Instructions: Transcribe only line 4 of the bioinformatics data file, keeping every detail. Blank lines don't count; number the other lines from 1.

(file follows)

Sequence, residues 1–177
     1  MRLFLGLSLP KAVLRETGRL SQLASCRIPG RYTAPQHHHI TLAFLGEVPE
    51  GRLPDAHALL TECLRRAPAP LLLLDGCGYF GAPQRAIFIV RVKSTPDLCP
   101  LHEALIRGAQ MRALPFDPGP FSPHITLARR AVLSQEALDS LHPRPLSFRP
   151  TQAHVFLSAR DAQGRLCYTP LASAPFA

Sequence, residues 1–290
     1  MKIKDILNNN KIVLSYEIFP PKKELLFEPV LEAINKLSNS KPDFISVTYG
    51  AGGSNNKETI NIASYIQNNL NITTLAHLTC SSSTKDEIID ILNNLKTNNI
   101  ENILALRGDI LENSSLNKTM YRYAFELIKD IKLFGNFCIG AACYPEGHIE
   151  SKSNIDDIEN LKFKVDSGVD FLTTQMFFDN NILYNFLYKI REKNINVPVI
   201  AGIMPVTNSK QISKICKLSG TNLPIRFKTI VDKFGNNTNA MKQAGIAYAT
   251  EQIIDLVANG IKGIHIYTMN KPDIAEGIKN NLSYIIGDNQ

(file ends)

   101  LHEALIRGAQ MRALPFDPGP FSPHITLARR AVLSQEALDS LHPRPLSFRP